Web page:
We conducted a thorough examination of all colleges and universities across the U.S. offering the Doctor of Nursing Practice and found that a DNP will cost, on average, $561 per credit through a public institution ($968 per-credit for out-of-state-students) and $1,024 per credit through a private school.
With this in mind, earning a DNP will cost, on average, between $21,318 and $38,912 for a post master’s program (MSN-DNP) and between $40,953 and $74,752 for the longer post-bachelor’s option (BSN-DNP). Keep in mind that additional expenses, such as university fees, books and software, and travel expenses will add to the cost of earning your DNP.
The DNP is an investment in your future, a personal and professional achievement, and an outstanding way to advance and enrich your career. But with most things in life, you always have to consider the cost.
In an effort to provide you with the most realistic numbers, we conducted a thorough examination of all colleges and universities in the country that offer the DNP. Here’s what we found:
Choose a public school and you’ll pay, on average, $561 per credit. As an out-of-state student at a public school, this per-credit cost jumps to $968.
Private school tuition is more expensive across the board, at $1,024 per credit, on average.
Average Cost of Post-Master’s DNP Programs
We did a search of about a dozen schools and found that MSN-DNP programs tend to consist of between 32-40 credits, with an average of 38 credits. This puts the total average cost of an MSN-DNP program at:
- Public institution, in-state: $21,318
- Public institution, out-of-state: $36,784
- Private institution: $38,912
Average Cost of Post-Bachelor’s DNP Programs
Our sample of BSN-DNP programs revealed that most programs consisted of 65-82 credits, with our average coming in at 73 credits. This puts the average cost of a BSN-DNP program at:
- Public institution, in-state: $40,953
- Public institution, out-of-state: $70,664
- Private institution: $74,752
What Other Costs Can I Expect in a DNP Program?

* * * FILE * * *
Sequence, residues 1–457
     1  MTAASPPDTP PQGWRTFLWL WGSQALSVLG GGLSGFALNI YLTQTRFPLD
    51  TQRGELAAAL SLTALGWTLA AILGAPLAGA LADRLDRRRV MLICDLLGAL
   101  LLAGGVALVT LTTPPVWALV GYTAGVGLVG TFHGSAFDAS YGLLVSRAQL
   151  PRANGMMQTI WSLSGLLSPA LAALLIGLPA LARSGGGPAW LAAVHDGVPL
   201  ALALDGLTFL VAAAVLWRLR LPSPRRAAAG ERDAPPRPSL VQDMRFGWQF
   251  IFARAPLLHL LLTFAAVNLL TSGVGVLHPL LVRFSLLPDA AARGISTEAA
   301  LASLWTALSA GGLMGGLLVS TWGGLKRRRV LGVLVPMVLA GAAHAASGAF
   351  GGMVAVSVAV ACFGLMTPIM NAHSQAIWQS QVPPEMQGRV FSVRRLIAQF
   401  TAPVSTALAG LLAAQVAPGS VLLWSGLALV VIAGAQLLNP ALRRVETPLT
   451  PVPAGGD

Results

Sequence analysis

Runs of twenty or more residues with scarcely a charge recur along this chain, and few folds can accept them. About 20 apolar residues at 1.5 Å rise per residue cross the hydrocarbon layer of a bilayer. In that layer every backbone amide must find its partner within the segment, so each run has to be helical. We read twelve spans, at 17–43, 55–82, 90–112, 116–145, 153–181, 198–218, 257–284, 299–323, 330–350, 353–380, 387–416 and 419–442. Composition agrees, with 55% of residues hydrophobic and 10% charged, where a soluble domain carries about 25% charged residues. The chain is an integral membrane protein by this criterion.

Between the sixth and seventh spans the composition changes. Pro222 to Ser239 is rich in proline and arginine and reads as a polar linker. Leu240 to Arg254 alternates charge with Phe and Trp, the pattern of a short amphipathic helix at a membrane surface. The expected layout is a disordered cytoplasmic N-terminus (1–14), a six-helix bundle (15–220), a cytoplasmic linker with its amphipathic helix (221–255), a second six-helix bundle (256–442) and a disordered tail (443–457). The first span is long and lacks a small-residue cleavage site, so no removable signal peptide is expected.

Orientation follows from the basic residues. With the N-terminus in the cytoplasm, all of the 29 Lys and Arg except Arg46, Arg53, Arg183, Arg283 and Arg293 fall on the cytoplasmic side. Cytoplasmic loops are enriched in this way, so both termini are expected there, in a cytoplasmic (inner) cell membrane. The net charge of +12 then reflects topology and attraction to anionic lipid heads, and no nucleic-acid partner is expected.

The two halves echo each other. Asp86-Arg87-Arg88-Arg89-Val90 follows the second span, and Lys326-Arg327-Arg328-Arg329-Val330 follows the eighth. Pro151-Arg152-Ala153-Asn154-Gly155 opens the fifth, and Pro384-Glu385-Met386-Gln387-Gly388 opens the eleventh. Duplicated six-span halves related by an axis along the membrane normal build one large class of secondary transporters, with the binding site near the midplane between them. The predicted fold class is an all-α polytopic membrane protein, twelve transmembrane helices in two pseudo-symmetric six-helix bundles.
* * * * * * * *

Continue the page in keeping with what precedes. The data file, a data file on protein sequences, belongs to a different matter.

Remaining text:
It’s important to keep in mind that per-credit costs don’t paint the entire picture of what it will cost you to earn your DNP. Other expenses, usually charged per semester, are commonplace and often total between $300-$400.
- Technology fee
- Health fee
- Student activity fee
- Student services fee
- Recreation fee
The cost of books and software can make up a large portion of your program expenses, with many schools averaging between $2,000-$3,000 per academic year. Other expenses to keep in mind include travel costs, living costs (particularly if you’re unable to continue working as much while completing the program), and the cost of purchasing a laptop and other technology supplies.
How Can I Lower the Cost of Earning a DNP?
It will benefit you to explore all your options, including scholarships, grants, and loans, in an effort to lower the cost of earning your DNP.
Some things to consider:
- Your first step after being accepted into a program should be filling out a FAFSA form – your resource for any and all forms of federal aid.
- While private schools tend to cost more than public schools, many of them offer attractive financial awards for students, and the big name schools are often able to offer a host of scholarships, thanks to generous endowments and donors. In other words, don’t rule out a private school based on cost alone; you may find the cost to be on par with state schools due after financial awards are considered.
- Choose an in-state school and you may qualify for specific financial awards for being an in-state resident.
- There are many merit and needs-based scholarships for nurses through national organizations. You can perform a search here.
- If you have plans to pursue the DNP to become a nursing instructor, you may also seek out an assistantship through the university. An assistantship is your opportunity to teach undergraduate classes, help with research projects, or work in a variety of student services.
- Always check with your employer about tuition reimbursement. Many healthcare organizations offer some kind of tuition assistance or tuition reimbursement for nurses advancing their education.
- The national nursing organizations offer a variety of needs-based and merit scholarships and grants to help cover the cost of your education and related expenses:
- American Association of Nurse Practitioners
- Emergency Nurses Association Foundation
- Exceptional Nurse.com (for nurses with disabilities)
- Association of Perioperative Registered Nurses
- American College of Nurse-Midwives Foundation
- American Association of Nurse Anesthetists
- American Association of Colleges of Nursing